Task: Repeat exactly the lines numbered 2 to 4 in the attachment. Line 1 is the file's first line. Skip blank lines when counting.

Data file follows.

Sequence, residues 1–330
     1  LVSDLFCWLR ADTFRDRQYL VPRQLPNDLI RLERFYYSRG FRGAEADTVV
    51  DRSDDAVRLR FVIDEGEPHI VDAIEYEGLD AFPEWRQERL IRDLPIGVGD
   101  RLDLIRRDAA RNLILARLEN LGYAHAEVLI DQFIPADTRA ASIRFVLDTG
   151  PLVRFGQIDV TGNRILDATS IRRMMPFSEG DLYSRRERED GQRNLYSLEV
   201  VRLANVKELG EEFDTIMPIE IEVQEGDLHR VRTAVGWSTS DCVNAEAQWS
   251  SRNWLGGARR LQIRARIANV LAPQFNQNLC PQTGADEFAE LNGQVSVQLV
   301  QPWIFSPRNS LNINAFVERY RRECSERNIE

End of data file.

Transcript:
     1  LVSDLFCWLR ADTFRDRQYL VPRQLPNDLI RLERFYYSRG FRGAEADTVV
    51  DRSDDAVRLR FVIDEGEPHI VDAIEYEGLD AFPEWRQERL IRDLPIGVGD
   101  RLDLIRRDAA RNLILARLEN LGYAHAEVLI DQFIPADTRA ASIRFVLDTG